The Federal Trade Commission has charged that in numerous instances, prepaid card company NetSpend Corporation deceived consumers, many of whom do not have bank accounts, about access to funds deposited on defendants’ debit cards.
According to the FTC’s complaint, NetSpend tells consumers that its reloadable prepaid debit cards offer an alternative way to store and immediately access their funds. But once people have loaded funds onto the cards, many of them find they cannot access their money, either because NetSpend denies or delays activation of the card, or because it blocks consumers from using it, the FTC alleges. The FTC seeks to return consumers’ funds and ensure that NetSpend provides them with promised access to their funds in the future.
“Innovative financial products can offer many benefits to consumers. However, when companies promise consumers ‘immediate access’ to their funds, they need to honor those promises,” said Jessica Rich, Director of the FTC’s Bureau of Consumer Protection. “We’re committed to protecting consumers – particularly those who are financially strapped – from deceptive practices involving their payment choices.”
According to the FTC’s complaint, NetSpend claims in marketing materials and on its website that consumers who purchase the NetSpend card can “use it today,” that they will have “immediate access,” and that their money is “always available.” NetSpend also claims consumers are “guaranteed approval” for a card. In fact, the FTC alleges many consumers did not receive access to their funds as promised. According to the complaint, consumers must go through an identity verification process as required by law before the prepaid debit card can be activated, and many people have difficulty satisfying this requirement. According to the complaint, many consumers who could not access their funds for weeks – or at all –suffered severe financial hardship such as evictions, car repossession, and late fees on bills.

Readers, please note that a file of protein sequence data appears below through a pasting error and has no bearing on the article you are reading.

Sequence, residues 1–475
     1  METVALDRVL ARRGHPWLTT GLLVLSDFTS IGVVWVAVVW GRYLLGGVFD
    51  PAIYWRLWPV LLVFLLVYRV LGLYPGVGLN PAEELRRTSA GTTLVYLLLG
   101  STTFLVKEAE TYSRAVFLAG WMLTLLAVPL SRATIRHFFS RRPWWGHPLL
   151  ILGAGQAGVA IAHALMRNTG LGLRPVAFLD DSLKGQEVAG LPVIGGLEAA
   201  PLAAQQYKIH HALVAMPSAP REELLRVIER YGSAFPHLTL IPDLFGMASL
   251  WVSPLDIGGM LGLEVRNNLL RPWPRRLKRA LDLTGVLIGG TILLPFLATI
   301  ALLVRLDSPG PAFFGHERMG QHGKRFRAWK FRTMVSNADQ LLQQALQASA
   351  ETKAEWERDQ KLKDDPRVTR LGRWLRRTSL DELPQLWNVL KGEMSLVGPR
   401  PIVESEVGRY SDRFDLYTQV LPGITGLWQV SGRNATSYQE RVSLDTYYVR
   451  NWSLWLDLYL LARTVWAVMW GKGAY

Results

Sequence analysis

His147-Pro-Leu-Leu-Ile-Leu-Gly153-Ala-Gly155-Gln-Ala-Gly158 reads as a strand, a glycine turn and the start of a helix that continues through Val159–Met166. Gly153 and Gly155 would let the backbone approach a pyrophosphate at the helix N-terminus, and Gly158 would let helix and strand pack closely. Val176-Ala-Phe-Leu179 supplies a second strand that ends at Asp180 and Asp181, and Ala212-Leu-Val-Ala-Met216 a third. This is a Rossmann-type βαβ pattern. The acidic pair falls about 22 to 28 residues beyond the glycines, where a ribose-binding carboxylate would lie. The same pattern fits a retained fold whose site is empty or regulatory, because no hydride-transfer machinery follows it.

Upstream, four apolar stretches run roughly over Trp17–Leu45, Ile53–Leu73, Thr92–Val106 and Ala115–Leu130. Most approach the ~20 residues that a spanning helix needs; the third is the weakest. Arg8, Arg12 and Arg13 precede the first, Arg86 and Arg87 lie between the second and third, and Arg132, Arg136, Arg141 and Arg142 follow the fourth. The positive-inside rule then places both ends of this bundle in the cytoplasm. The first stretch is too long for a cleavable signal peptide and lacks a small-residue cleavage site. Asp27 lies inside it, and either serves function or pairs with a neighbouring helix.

In addition, the complaint alleges that consumers who closed accounts and requested refunds waited several weeks for their money. In other cases, consumers’ funds were allegedly depleted by company fees.
The FTC also alleges that NetSpend misrepresents that when customers dispute charges on their cards, it will grant provisional credits so they can access their funds while the error is resolved. In many cases, however, NetSpend has failed to grant provisional credits as promised.
The Commission vote authorizing the staff to file the complaint was 2-1. Commissioner Maureen Ohlhausen voted no. It was filed in the U.S. District Court for the Northern District of Georgia.
NOTE: The Commission files a complaint when it has “reason to believe” that the law has been or is being violated and it appears to the Commission that a proceeding is in the public interest. The case will be decided by the court.
The Federal Trade Commission works to promote competition, and protect and educate consumers. You can learn more about consumer topics and file a consumer complaint online or by calling 1-877-FTC-HELP (382-4357). Like the FTC on Facebook, follow us on Twitter, read our blogs and subscribe to press releases for the latest FTC news and resources.
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Mark Glassman or Adam Wesolowski
Bureau of Consumer Protection
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